In “Ensuring Robust Citizenship Rights” I Ensured Myself as a Research Scholar

Published: Posted on

by Aisha Matoo

As an Undergraduate Research Scholar this summer, I have grown as an academic and as a person. It has been a rewarding and eye-opening experience that I am truly grateful for. My project, titled “Ensuring Robust Citizenship Rights” tasked me with documenting and profiling individual victims of the Windrush Scandal and Grenfell Tower Fire Disaster and identifying where the law has failed to protect its citizens. I applied for this scholarship because, although these were reported tragedies, I had no real knowledge of their legal impacts, let alone their social and historical impacts. I wanted to engage with legal issues that affected people who could have been my neighbours or relatives. 

It’s safe to say at the beginning of my first week I was overwhelmed and anxious: I had over 300 people in total to locate and document how each tragedy had affected their lives. It was a daunting start sifting through profiles and social media sites. Thankfully, I am an avid list-maker and checklist-ticker which made organising my research a lot easier. The only thing I was not prepared for was thinking I had found everyone, only to find out there were 20 more people whose testimonies had just been uploaded or uncovered. Those moments were definitely bittersweet. This scholarship has taught me that research is ongoing and continuous but the real skill of research is identifying the real and relevant information, not just hoarding all of it. 

Although profiling individuals was a continual process throughout my 5 weeks due to testimonies being released just days before I was due to finish, I had more time than I thought to explore other areas or points of interest I thought could assist my Dr Wade in identifying these gaps of citizen protection. I am beyond grateful for the freedom Dr Wade allowed me and the inspiration she gave me to follow-up research which interested me. This allowed me to delve further into legal relationships between employer and employee, doctor and patient and landlord and tenants. I was also given artistic freedom, if you can call it that in reference to a Microsoft Word document, in how to present the profiles which I really believe helped in organising and picking out relevant information. Never overestimate the power of a table, sometimes a simple ‘fill-in form’ style can do the job. 

An aspect of my research which I hadn’t considered was the impact it would have on my own mental health or perceptions. It wasn’t until I had a face-to-face meeting with Dr Wade where they checked how I was feeling or whether the trauma of the victims was negatively impacting my health. These were feelings I hadn’t recognised until she checked up on me. I was grateful for the ‘check-up’. I don’t think you realise reading about someone’s life being turned upside down so suddenly can make you so wary and anxious. After she had asked me how I was feeling, I recalled all the moments I had checked for fire safety notices in buildings, all the moments I had stared up at high-rise flats wondering if there was an escape route, all the moments I had recognised how lucky I was to have my passport, driving licence etc. identifying my citizenship status. I don’t think you realise reading about someone’s life being turned upside down so suddenly can make you so wary and anxious yet grateful and appreciative.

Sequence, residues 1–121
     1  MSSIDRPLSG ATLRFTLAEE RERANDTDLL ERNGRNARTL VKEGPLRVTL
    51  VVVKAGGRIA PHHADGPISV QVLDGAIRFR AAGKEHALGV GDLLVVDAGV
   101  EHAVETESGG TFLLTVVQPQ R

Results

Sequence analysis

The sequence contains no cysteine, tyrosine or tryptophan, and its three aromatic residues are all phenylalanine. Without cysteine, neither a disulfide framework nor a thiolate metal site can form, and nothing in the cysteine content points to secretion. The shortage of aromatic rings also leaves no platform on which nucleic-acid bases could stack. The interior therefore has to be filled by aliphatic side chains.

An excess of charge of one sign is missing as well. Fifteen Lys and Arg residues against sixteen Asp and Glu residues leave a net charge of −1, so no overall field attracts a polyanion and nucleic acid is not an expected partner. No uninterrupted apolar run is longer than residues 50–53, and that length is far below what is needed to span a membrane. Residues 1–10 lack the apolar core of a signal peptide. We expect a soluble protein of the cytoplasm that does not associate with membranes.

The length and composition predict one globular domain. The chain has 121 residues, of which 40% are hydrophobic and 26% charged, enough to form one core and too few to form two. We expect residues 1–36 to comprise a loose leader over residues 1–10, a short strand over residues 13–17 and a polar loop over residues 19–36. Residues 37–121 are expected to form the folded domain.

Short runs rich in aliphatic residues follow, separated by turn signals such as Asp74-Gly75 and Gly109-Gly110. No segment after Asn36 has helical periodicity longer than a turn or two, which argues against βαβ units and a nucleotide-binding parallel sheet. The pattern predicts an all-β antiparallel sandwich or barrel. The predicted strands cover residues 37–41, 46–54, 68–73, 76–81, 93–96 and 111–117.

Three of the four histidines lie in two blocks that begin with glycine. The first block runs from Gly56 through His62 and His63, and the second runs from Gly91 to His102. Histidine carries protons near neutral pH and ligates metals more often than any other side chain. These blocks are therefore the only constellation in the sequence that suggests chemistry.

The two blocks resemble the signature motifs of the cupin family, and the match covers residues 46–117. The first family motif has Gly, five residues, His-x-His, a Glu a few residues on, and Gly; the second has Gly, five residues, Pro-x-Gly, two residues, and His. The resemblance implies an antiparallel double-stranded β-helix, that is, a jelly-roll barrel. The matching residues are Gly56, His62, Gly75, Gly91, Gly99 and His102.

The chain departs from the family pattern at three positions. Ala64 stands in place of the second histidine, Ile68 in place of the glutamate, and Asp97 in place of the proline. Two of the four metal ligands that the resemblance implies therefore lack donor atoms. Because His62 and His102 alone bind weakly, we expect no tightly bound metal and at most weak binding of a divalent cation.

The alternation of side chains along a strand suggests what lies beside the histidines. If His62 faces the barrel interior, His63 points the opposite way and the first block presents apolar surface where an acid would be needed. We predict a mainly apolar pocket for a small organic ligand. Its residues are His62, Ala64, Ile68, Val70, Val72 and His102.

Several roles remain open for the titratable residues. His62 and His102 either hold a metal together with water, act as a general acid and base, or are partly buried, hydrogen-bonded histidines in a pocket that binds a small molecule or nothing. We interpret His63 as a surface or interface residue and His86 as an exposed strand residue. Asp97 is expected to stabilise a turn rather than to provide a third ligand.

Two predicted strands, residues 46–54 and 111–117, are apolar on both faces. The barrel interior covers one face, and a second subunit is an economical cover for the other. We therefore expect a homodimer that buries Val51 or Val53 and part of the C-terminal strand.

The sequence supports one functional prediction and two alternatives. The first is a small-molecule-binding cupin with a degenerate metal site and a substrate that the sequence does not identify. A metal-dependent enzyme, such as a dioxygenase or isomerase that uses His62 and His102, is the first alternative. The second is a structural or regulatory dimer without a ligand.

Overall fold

I am beyond grateful for such a rewarding experience. This scholarship has guided me in what I want to embark upon in the future which would have been a longer decision, and more painful probably, had I not had this amazing opportunity. I have grown as a scholar, exercising a new found respect for research (I will definitely remember this when ploughing through set reading for my modules) and it’s impact. I have also harnessed so many skills and learnt many lessons during my 5 weeks: organisation, time-management, accepting dead-ends and defeat, allowing yourself to become engrossed in what interests you, becoming independent and self-reliant. I would like to thank Dr Marianne Wade for an invaluable summer and unique opportunity. I urge anyone who is interested in a project next year to take a chance and apply, I cannot think of a better way to unearth what your true passions are, academically and personally, and ultimately aide your future.

Leave a Reply

Your email address will not be published. Required fields are marked *